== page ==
“In the rigid PCB segment, book-to-bill ratios are hovering at or slightly under parity, which suggests that this year’s business is likely to hold steady but remain below last year’s levels for at least a few more months,” said IPC president Denny McGuirk.  “In the flexible circuit industry, the book-to-bill ratio is still climbing due to recent increases in bookings and generally flat shipment growth. Overall PCB sales in the first five months of 2007 are now about 10 percent below the same period in 2006,” he added, “which reflects the current economic slowdown.”

(Click here for all the charts in PDF
or to view historical index data )

The book-to-bill ratios are calculated by dividing the value of orders booked over the past three months by the value of sales billed during the same period from the companies in IPC’s survey sample.  A ratio of more than 1.00 suggests that current demand is ahead of supply, which is a positive indicator for sales growth over the next two to three months.

(Click here for all the charts in PDF
or to view historical index data )

Book-to-bill ratios and growth rates for rigid PCBs and flexible circuits combined are heavily affected by the rigid PCB segment.  Rigid PCBs represent an estimated 88 percent of the current PCB market in North America, according to IPC’s World PCB Production and Laminate Market Report for the Year 2006, which will be published in late July.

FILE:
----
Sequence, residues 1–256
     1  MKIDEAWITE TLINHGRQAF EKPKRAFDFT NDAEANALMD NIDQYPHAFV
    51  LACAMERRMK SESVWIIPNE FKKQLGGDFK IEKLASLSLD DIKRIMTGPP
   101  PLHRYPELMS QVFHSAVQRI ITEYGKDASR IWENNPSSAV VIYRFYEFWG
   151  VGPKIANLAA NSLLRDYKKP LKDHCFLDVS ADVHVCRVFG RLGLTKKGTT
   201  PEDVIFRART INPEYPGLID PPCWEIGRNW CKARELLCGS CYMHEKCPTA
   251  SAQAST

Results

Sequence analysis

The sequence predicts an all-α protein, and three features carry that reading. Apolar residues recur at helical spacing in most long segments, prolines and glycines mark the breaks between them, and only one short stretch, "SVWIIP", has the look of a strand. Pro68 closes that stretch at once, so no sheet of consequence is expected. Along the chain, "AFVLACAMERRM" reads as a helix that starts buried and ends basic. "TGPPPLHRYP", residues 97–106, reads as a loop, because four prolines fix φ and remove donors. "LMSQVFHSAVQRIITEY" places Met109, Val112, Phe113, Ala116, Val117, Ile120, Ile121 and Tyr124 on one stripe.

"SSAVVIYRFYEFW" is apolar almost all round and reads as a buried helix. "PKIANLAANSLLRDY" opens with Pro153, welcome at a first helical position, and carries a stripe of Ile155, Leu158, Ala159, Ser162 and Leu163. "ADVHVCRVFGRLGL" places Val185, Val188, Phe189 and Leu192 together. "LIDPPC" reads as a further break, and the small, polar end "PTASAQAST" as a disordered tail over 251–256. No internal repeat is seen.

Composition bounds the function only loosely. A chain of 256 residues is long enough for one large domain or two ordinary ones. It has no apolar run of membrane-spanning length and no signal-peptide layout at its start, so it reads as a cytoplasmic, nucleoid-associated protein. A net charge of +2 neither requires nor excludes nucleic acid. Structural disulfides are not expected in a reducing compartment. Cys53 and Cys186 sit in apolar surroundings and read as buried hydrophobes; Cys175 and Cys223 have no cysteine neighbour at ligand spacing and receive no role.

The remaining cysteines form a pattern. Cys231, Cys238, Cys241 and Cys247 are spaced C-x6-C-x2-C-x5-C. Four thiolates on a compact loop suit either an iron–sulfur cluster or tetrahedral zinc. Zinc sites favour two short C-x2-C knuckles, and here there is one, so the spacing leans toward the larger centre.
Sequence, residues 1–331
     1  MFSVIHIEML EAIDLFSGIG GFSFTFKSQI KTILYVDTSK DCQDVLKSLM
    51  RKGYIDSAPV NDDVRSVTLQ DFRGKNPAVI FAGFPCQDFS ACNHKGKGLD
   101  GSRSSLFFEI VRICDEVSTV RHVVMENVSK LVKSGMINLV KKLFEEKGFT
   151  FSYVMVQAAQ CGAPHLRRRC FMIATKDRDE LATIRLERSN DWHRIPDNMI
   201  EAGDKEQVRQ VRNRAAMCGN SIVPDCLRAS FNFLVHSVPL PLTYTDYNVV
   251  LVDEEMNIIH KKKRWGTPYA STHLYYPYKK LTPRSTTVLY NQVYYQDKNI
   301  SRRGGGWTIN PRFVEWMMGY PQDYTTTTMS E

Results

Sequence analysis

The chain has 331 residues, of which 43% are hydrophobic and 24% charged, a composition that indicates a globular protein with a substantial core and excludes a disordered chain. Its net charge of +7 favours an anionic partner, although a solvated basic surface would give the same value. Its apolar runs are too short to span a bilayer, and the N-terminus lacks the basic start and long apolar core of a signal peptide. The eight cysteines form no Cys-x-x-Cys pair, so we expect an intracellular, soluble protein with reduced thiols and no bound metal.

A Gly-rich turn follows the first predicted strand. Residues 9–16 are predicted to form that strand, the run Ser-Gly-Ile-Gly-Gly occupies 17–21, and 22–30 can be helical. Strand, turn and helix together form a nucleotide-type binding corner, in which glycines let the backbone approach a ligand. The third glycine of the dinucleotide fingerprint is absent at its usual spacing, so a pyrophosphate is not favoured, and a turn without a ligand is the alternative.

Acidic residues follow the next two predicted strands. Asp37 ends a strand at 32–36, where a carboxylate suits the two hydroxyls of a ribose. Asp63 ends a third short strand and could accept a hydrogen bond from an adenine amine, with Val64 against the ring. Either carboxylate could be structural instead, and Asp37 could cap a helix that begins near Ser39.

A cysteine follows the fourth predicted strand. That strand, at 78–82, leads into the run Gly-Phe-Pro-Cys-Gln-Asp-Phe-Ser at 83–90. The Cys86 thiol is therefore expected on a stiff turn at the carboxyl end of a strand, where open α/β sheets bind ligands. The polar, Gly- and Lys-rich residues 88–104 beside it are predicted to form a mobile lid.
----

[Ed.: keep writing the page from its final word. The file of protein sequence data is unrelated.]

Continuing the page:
The Role of Domestic Production
IPC’s monthly survey of the North American PCB industry tracks bookings and shipments from U.S. and Canadian facilities, which provide indicators of regional demand.  These numbers do not measure U.S. and Canadian PCB production.  To track regional production trends, however, IPC asks survey participants for the percent of their reported shipments that were produced domestically (i.e., in the USA or Canada).  In May 2007, 89 percent of total PCB shipments reported were domestically produced.  Domestic production accounted for 89 percent of rigid PCB and 96 percent of flexible circuit shipments in May by IPC’s survey participants.  These numbers are significantly affected by the mix of companies in IPC’s survey sample, which remains constant throughout each calendar year, but may change with the January survey results..